Brittany vs her image, Mexican kids vs the drug cartels and the history of Fiddler on the Roof
Your choices are mixed this week, ranging from very good to considerably lower. But watch out for these unusual new entries. Two popular films are back in extended versions. (Actually I don’t think they ever really left. They were that popular the first time around).
Spider-Man: Far From Home, which arrived early in July, now has seven minutes of new footage. No details on what they show, but there have been hints of a new four-minute action sequence. What else? Marine Gateway and four suburban theatres will show the answer.
At the same time Midsommar that surprise hit about students visiting a colony of pagans in Sweden now has 24 extra minutes. This is the version the director originally submitted but was told to trim. We know more about it because the Indie Wire website has a detailed shotlist of what’s been put back in. It does seem to improve some things, including the suddeness of the extreme ending. It could be good; the original was. But at now almost three hours long? It’s at Scotiabank and in Langley.
These are also now playing:
Brittany Runs a Marathon: 3 stars
Tigers are Not Afraid: 4
Fiddler: A Miracle of Miracles: 3 ½
Toxic Beauty: 4
Road to the Lemon Grove: 2
BRITTANY RUNS A MARATHON: Young women obsessing about their weight will totally get this and Jillian Bell makes it funny believable without overdoing it. She’s played memorable secondary characters in films and TV for years and gets a welcome centre spot here. It’s natural in a way; her character is a staple of American comedies, “the fat sidekick” as the writer-director Paul Downs Colaizzo said it in an interview. She gets off some good lines but we never get her story. Here we do. (Colaizzo, who is principally a playwright, based the story on a friend of his).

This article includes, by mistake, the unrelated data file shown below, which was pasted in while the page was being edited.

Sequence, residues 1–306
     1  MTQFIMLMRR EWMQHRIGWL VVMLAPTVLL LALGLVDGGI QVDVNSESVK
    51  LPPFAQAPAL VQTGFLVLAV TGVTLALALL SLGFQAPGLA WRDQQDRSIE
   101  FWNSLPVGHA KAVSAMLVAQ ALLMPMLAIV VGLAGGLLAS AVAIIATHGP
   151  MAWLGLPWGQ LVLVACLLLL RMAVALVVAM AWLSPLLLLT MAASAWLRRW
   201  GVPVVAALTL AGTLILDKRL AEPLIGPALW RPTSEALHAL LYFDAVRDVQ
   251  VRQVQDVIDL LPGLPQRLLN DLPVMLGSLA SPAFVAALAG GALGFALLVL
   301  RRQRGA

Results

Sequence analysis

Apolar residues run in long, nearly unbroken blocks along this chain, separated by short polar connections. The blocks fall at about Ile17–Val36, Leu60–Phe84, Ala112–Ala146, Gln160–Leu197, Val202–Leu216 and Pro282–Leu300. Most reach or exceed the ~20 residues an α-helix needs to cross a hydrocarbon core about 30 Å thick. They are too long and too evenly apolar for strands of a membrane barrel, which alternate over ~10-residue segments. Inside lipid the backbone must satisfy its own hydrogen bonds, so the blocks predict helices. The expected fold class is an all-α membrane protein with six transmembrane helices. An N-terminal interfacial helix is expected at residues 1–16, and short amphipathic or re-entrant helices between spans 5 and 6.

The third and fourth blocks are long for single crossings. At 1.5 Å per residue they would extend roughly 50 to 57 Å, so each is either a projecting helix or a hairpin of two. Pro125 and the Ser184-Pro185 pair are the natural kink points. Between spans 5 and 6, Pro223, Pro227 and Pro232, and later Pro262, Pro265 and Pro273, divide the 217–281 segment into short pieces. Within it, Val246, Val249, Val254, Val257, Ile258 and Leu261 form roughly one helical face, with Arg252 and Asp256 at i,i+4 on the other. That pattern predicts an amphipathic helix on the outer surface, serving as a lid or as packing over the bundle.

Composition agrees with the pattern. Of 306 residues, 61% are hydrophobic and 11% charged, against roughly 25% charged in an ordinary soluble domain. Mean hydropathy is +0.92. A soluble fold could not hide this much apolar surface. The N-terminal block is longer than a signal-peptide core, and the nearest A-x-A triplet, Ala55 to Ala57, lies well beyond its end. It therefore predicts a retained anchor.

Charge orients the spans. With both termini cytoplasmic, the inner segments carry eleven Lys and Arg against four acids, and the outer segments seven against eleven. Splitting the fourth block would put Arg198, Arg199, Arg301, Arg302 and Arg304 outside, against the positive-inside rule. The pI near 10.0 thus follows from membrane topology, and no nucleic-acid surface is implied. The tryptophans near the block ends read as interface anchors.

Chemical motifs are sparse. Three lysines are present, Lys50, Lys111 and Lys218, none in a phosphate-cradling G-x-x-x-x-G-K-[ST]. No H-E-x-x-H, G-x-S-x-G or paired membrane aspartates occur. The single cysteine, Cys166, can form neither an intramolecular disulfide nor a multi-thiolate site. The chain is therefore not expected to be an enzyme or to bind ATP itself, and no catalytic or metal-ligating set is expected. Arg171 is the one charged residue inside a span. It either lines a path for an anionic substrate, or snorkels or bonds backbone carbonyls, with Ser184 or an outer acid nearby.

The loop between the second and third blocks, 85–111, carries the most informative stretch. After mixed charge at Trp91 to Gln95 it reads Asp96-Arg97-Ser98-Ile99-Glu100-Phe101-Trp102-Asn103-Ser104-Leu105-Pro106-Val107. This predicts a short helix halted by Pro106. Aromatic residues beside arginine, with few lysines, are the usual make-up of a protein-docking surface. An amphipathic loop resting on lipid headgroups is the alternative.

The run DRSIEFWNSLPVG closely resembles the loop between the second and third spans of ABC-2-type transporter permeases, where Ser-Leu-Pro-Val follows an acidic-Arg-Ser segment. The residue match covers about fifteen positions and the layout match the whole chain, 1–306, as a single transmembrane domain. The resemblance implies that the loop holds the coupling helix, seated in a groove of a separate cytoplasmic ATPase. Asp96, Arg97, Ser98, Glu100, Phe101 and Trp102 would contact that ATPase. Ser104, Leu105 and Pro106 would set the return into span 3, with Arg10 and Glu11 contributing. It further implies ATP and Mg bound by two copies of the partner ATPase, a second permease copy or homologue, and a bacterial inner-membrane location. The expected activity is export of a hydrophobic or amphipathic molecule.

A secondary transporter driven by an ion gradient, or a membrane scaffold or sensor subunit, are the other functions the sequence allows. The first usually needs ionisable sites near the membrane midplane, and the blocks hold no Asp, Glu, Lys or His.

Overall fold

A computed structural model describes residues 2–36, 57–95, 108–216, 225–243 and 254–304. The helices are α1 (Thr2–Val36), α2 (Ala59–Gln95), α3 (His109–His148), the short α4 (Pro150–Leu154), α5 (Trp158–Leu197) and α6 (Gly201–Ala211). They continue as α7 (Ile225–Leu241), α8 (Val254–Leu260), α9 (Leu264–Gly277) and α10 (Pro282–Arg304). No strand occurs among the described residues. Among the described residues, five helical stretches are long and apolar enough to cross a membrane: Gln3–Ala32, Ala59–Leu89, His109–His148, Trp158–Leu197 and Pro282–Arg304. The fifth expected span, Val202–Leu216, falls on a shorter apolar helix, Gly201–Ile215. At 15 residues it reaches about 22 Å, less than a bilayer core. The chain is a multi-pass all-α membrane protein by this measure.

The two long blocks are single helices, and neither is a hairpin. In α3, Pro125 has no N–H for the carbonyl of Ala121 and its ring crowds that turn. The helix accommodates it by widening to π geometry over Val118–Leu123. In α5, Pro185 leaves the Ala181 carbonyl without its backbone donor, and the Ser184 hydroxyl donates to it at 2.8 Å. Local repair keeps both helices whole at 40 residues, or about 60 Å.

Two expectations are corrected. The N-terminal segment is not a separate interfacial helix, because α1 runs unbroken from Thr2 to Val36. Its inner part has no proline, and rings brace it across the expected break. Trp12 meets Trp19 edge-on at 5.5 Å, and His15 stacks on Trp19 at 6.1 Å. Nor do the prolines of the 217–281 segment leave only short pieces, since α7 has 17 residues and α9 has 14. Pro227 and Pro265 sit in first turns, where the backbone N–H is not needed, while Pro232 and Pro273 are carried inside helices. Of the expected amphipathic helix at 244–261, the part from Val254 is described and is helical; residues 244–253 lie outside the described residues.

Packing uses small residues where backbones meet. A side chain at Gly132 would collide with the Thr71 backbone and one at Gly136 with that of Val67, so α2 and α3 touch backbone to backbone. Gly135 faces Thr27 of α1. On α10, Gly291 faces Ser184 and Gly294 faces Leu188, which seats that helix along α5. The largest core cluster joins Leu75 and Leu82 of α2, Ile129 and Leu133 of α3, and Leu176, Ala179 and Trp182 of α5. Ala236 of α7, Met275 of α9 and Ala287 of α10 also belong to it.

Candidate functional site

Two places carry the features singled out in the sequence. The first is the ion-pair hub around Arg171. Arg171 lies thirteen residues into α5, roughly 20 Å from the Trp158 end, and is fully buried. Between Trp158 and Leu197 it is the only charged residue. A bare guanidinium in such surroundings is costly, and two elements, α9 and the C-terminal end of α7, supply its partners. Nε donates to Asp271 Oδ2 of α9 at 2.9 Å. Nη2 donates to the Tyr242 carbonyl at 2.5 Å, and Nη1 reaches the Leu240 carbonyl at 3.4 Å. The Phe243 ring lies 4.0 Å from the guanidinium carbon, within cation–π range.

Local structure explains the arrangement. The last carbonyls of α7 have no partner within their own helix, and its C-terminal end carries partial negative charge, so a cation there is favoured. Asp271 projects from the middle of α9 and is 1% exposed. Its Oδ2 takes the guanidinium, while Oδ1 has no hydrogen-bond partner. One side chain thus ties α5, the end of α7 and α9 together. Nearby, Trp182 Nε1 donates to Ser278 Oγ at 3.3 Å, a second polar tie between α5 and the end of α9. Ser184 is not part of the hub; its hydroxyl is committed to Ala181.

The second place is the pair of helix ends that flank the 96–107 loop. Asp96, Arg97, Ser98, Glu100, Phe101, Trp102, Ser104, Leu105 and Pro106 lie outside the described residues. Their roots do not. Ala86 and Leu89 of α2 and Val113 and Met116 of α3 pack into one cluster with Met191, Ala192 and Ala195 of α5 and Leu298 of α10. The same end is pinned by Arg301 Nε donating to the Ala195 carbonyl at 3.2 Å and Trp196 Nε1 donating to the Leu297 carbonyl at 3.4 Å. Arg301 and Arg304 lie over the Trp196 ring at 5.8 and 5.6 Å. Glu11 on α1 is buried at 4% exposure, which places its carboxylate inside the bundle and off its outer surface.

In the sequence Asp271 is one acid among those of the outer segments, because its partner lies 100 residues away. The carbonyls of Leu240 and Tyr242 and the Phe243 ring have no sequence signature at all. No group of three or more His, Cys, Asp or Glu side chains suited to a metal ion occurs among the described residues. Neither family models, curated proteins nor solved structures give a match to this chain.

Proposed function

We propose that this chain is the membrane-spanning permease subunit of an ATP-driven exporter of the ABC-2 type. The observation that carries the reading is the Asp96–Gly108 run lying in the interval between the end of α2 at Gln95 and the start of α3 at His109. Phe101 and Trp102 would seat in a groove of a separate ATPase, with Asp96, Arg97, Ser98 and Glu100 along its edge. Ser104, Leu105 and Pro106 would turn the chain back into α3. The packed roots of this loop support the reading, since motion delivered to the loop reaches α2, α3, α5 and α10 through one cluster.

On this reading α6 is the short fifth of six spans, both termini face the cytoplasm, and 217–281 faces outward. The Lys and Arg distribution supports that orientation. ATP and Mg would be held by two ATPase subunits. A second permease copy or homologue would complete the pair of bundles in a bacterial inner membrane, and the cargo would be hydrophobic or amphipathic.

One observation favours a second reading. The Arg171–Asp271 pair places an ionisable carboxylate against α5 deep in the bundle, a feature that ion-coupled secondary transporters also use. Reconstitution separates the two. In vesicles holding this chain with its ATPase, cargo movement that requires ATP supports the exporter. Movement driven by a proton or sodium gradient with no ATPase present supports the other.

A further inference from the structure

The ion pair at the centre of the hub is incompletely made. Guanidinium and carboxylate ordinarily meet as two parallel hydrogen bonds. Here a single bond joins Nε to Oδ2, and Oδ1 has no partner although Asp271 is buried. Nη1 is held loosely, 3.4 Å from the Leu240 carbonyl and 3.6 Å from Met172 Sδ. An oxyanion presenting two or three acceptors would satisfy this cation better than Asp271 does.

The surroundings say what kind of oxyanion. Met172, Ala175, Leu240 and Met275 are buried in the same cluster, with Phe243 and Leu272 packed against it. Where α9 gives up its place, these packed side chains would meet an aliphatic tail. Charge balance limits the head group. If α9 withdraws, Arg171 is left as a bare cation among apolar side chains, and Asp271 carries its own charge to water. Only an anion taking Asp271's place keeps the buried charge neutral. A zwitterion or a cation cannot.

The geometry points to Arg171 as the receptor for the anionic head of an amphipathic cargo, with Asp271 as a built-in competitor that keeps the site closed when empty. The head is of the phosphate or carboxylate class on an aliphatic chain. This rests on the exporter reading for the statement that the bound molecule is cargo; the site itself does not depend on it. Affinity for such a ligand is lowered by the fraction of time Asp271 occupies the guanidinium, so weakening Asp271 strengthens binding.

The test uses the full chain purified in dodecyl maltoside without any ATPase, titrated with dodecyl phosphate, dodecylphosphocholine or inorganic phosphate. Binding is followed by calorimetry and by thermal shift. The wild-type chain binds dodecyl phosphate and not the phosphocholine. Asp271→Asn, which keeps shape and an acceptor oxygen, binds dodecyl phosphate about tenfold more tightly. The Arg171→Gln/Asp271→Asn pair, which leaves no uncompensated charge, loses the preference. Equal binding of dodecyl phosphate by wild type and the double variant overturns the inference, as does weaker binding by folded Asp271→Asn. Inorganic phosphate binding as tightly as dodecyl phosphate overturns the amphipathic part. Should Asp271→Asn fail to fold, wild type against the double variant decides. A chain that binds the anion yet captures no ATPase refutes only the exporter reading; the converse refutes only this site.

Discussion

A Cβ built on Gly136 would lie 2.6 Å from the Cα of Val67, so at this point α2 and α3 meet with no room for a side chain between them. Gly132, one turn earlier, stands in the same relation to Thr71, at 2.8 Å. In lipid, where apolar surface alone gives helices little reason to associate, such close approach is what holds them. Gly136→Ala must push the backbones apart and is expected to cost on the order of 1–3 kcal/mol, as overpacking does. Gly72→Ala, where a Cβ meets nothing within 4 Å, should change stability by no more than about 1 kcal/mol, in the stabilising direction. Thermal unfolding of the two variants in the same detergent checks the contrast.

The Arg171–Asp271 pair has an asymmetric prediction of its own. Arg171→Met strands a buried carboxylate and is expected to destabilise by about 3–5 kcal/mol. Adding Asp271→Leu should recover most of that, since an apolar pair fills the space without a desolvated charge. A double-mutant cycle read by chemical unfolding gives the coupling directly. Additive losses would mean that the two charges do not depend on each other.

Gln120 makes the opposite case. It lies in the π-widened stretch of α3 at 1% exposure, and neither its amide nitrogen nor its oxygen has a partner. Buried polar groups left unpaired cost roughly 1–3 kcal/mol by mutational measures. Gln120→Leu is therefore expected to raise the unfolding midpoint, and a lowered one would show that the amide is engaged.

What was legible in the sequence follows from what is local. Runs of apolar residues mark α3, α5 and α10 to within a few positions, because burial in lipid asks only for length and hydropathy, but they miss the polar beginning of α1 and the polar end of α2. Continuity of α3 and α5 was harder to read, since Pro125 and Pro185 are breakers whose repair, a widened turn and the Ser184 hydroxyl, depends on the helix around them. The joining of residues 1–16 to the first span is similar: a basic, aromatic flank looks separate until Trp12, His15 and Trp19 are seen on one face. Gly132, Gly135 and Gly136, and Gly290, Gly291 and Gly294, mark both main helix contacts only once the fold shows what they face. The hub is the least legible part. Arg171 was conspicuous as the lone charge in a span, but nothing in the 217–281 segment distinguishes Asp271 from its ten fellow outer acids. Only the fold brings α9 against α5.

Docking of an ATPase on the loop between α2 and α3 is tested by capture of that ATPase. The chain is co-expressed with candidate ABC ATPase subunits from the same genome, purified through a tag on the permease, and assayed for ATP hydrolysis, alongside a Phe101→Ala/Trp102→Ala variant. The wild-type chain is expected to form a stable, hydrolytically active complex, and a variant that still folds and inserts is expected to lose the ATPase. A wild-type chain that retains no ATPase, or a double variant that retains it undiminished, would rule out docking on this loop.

Bell fits perfectly. She’s perky but insecure about being chubby and wants desperately to be thinner. It takes a doctor’s cautionary warning to motivate her and, unwilling to pay those high gym fees, she takes up jogging. She’s timid about it though, especially since a hard-jogging neighbor (Michaela Watkins) seems to be condescending to her. She’s not; she’s just one of those gung ho types and eventually becomes a running partner. The film shows Brittany slowly coming to understand and accept who she is. She’s working towards the New York City Marathon and in a side story takes an extra job as a house sitter. There she meets a brash, sharp-witted guy (Utkarsh Ambudkar) who claims to be the night-time house sitter and in a series of amusing interchanges further challenges her to work on her self-esteem. They become lovers; she keeps on training and this comedy works as light entertainment with some serious concerns imbedded within. (5th Avenue, Park & Tilford) 3 out of 5
TIGERS ARE NOT AFRAID: Guillermo del Toro led the way; Issa López has followed and with almost matching success. The Mexican writer-director has seamlessly combined creepy thrills, street-level action and outright fantasy in a story of children trying to survive. Their parents are dead, victims of the drug wars that have been raging in Mexico for over a decade. They live in abandoned buildings and steal for food. They stick together and know the world outside their group is corrupt. They’ve been forced to grow up too fast and resort to imagined visions now and then to be able to carry on. That’s the world López has created in this brisk 83-minute film. In its best moments it is very moving.
Two of these kids drive the story. Estrella wishes to see her mother again and does in ghostly (or bloody) emanations. El Shine is the leader of the pack, full of rage and power and soon in possession of a gun and a phone that he stole from a drunken drug dealer. The guy wants them back; the guy’s boss is most anxious about the phone because, as we learn later, there’s something on there. So the film spins this complex story that mixes violent criminals and street children against a backdrop of a collapsing society, political cowardice, cops not doing their job. The child actors are excellent.
Magical realist elements, mostly effective, add a fairy tale atmosphere and reinforce the central idea: they’re children. Look what’s happened to them. (VanCity Theatre) 4 out of 5